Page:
Ian Porter's story is a clever blend of fact and fiction, a slice of social history and is clearly meticulously researched. We meet the central fictional characters, Nash and Ruby, aboard the Titanic as she's sinking. Separated by circumstance, both survive the tragedy and there's an interesting glimpse of the immediate impact of the disaster in New York and Halifax, Nova Scotia. For those unfamiliar with what happened to survivors and the deceased, these chapters are an interesting overview. White Star do not come out of it well.
On returning to Britain, the two meet again and become involved in the Suffragette cause. As characters they are woven into key events alongside real people. Nash and Ruby have a distinct voice. They want social change and have that as a common, albeit slightly different, purpose.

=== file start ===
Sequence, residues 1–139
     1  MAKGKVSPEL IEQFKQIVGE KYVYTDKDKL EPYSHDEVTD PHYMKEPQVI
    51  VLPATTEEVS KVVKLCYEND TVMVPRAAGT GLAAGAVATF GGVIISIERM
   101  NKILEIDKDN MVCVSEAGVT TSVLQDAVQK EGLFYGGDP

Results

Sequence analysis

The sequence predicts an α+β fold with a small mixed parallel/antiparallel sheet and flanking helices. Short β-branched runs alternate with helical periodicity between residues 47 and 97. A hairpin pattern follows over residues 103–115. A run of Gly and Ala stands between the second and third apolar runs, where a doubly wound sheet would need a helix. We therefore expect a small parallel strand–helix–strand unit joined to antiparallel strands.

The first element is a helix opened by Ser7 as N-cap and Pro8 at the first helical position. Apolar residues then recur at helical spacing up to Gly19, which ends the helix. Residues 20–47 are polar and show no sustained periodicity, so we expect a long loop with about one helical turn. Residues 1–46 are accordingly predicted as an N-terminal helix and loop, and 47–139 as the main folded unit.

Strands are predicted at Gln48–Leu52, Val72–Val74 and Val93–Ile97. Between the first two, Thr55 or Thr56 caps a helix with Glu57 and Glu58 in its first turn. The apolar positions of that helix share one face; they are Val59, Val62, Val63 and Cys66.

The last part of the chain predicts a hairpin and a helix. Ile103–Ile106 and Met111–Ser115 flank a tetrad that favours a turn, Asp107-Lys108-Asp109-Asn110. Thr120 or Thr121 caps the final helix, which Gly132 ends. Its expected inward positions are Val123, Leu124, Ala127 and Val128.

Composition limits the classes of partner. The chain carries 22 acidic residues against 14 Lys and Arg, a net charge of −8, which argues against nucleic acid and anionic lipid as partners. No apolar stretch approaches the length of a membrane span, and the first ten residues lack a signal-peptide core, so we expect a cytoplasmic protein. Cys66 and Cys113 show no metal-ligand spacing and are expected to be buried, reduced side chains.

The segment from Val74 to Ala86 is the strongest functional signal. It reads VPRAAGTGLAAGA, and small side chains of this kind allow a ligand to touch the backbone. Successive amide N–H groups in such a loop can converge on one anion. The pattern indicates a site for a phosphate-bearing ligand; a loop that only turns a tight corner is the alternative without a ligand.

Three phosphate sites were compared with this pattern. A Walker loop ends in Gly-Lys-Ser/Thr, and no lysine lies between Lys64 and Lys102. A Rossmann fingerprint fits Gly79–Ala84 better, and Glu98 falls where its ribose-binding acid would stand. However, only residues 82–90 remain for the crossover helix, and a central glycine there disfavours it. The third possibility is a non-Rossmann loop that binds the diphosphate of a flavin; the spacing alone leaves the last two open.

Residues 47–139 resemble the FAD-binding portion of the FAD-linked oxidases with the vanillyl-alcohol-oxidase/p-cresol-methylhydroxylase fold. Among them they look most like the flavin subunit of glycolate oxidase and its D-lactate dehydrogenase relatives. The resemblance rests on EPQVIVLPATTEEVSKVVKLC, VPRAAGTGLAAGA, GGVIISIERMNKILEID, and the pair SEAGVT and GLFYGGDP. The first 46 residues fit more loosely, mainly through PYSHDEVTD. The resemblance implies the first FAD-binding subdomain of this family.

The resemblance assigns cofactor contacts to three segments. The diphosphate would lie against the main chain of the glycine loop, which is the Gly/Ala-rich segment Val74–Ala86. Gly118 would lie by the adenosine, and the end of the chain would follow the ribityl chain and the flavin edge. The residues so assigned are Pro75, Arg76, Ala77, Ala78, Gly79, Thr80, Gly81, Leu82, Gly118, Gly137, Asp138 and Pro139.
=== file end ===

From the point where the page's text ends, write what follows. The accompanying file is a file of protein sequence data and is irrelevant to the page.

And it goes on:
There's a great deal of drama and the story gives account of numerous harrowing events as the Suffragette movement tries to broaden their appeal and influence. It's both compelling and moving to consider the fight and suffering others endured to win a social changes we too often take for granted. We see fearless pride with total dedication to a cause and belief. Ian Porter carefully explores a number of themes including social justice, empowerment, social convention and class distinction.
The book is well written and captures the central issues extremely well. My only reservation was that it occasionally failed to excite. For example, the Titanic scenes are well depicted, but a little flat and almost dispassionate. All the elements are there but it feels more like a factual account seen from above rather than the reader being within the events. That aside, it's an interesting read which gives context to an era of turbulent and too easily forgotten change.